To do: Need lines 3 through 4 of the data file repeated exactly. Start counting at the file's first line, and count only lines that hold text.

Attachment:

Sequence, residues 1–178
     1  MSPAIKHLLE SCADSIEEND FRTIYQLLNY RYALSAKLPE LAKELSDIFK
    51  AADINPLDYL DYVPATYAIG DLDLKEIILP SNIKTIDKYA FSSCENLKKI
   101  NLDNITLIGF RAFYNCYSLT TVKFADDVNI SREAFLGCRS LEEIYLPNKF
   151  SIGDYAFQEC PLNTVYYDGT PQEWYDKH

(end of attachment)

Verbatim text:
    51  AADINPLDYL DYVPATYAIG DLDLKEIILP SNIKTIDKYA FSSCENLKKI
   101  NLDNITLIGF RAFYNCYSLT TVKFADDVNI SREAFLGCRS LEEIYLPNKF